Kicking Off Month of the Military Child

Education Secretary Betsy DeVos marked the beginning of April – Month of the Military Child – by visiting a Department of Defense School at Fort Bragg in North Carolina. In her comments there, she recognized the challenges faced by military-connected students as they transition to a new school and discussed the importance of making sure that military families have access to high-quality education offerings no matter where they are stationed.

DeVos’ comments highlight an important issue for military-connected students, and one that we’ve discussed frequently. Military-connected students see the insides of far more schools than their civilian peers – which means they often experience inconsistent standards from school to school.

On average, military families move between six to nine times throughout their child’s K-12 career, and are often faced with the realities of having to catch their students up to grade level in a new state, or watch them struggle to sit through material they’ve already learned.

For military families, the inconsistency of standards for early education and K-12 means that the parents have to fill the education void, adding a large dose of stress on top of an already stressful transition. High, comparable standards provide military-connect students with consistency from location to location, and the foundation for an education that serves them as well as their families have served our nation.

The 1.1 million children of active duty military personnel in our country deserve high, consistent standards.

The Lexington Institute agrees. In a report released in January, they found that the underlying reasons for the lower quality of educational experience for military-connected students are fairly consistent. Among them, limited support for students and less effective state and school-district policies.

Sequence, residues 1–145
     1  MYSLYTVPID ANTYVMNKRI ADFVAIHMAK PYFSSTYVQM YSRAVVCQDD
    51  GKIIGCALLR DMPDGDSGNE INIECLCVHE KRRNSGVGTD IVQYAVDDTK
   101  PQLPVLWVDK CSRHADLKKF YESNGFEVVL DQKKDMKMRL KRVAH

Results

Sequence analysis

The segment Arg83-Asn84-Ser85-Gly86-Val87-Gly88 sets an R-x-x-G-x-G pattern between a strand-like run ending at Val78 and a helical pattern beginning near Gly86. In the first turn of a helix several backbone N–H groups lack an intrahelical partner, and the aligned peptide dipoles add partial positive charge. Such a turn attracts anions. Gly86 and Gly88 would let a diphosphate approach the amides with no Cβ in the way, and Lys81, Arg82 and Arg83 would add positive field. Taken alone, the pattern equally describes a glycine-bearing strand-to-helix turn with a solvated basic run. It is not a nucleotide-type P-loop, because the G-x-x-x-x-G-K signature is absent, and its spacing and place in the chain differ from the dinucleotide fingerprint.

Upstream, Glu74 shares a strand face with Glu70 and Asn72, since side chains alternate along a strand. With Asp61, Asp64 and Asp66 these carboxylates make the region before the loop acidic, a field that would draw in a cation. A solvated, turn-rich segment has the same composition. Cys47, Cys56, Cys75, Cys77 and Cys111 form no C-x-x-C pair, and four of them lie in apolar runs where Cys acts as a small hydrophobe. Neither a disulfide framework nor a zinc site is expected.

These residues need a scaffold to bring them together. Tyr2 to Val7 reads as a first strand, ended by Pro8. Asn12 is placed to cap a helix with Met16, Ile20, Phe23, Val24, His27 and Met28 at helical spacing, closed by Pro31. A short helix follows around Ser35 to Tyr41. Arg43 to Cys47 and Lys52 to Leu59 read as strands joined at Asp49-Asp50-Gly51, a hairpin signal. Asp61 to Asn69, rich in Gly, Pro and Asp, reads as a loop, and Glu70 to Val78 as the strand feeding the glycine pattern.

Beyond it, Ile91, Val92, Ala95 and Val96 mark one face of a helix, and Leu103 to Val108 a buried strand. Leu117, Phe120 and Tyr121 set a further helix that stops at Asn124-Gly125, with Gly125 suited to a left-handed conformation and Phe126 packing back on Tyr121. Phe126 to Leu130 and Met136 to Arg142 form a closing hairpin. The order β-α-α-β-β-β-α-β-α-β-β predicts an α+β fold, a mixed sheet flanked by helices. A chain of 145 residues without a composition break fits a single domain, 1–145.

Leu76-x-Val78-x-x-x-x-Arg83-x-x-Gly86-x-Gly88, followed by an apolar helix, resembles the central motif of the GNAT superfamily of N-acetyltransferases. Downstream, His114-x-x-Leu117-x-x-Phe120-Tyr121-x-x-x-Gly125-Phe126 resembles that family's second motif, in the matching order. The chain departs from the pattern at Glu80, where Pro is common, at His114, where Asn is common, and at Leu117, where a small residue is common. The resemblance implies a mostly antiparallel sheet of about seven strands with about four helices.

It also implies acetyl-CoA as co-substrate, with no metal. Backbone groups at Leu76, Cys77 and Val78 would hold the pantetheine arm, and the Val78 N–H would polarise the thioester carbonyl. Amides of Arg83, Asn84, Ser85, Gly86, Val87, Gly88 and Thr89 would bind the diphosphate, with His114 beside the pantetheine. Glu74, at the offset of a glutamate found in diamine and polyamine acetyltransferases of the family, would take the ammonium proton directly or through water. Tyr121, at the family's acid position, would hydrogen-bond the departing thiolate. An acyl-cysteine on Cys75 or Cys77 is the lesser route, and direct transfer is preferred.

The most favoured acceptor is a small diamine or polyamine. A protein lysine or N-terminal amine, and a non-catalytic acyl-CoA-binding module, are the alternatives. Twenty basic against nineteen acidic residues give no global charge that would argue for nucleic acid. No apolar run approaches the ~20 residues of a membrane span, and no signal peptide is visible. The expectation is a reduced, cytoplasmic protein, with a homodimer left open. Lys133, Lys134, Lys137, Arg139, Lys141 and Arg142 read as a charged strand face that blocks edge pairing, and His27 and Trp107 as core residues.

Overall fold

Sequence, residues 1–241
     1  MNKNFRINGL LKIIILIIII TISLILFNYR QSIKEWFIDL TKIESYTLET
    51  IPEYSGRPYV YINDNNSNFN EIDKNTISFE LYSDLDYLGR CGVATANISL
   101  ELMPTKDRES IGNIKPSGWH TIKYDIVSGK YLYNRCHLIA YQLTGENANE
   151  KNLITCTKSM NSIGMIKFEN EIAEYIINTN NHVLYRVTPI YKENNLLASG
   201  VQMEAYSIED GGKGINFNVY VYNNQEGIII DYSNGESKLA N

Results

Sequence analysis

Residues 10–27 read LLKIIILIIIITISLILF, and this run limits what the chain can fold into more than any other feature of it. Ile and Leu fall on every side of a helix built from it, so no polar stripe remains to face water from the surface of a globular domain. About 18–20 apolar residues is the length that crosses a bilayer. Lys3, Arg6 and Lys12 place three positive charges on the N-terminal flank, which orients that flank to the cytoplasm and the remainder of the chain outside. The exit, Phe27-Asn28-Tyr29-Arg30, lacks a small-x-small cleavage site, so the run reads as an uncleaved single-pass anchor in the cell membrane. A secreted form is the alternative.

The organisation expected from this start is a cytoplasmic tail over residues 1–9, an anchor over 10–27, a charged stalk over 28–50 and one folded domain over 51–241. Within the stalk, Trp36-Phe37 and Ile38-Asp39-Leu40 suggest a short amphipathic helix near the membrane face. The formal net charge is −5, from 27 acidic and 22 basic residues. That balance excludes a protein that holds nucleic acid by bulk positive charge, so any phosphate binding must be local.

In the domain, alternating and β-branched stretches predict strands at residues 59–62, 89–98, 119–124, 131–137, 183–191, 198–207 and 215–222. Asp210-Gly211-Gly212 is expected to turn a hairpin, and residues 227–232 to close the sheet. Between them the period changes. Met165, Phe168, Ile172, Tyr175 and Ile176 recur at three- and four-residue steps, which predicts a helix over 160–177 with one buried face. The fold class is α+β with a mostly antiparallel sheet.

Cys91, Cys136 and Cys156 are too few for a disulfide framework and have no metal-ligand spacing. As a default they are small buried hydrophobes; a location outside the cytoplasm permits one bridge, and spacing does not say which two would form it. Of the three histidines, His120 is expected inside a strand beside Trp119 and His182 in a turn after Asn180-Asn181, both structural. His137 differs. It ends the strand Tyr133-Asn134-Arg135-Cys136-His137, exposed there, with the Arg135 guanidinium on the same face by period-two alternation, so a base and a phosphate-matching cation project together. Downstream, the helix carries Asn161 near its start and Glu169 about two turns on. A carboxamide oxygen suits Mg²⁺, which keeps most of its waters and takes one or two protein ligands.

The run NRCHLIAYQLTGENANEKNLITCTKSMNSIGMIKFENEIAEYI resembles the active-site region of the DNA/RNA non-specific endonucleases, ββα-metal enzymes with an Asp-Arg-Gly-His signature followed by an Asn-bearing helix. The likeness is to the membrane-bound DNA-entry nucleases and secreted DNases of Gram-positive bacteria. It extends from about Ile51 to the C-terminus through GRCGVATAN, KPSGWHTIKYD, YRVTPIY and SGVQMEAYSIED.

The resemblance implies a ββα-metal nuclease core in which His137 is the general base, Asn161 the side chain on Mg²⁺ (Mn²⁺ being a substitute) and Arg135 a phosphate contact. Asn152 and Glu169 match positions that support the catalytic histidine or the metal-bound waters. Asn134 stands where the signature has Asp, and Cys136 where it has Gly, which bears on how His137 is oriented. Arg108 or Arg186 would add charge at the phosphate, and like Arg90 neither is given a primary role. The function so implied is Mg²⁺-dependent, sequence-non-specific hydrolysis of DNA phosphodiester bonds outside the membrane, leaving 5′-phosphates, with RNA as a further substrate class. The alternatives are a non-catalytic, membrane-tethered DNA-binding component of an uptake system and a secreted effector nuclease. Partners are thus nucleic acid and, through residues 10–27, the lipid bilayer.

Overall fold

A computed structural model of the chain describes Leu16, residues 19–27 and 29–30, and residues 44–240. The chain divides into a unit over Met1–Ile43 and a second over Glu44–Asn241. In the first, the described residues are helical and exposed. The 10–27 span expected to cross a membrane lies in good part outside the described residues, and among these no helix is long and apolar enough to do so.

The report quotes Dr. Brian Henry, superintendent of a Missouri school district as saying, “We don’t get three to five years in our district to make change. Sometimes we get three to five months. That’s why we concentrate on accurately assessing where students are in their understanding of learning standards when they arrive and quickly intervening to promote their growth toward proficiency.”

A recent survey of current and former military personnel conducted by Military Times also highlighted this important issue. More than one-third of respondents, 35 percent, said dissatisfaction with a child’s education was or is “a significant factor” in deciding whether to continue military service; 40 percent said they either have declined or would decline a career-advancing job at a different military installation to remain at their current military facility “because of high performing schools.” When asked, “Did moving between states as part of your military service add challenges to your children’s education,” 70 percent answered yes.

This is a serious challenge, but one with a solution: rigorous academic standards that are consistent from state to state so there’s no question that when a student transfers, he or she will be at the same place academically as their peers. Being a kid is tough enough, but imagine being a kid in a new school and needing tutoring because you’re behind that school’s grade-level or being bored because you’re ahead of your new classmates.

As Military Families for High Standards Chairwoman and military spouse Christi Ham noted this week, “Given how frequently military families move, we get to experience some of the best (and unfortunately, worst) schools America has to offer.”

Our nation owes a debt of gratitude to the men and women who serve in our military. We can honor that debt by making sure their children have access to a high-quality education no matter where in the United States their family is stationed.

We will be highlighting Month of the Military Child throughout April. Check back to see what we’re talking about – or contact us at!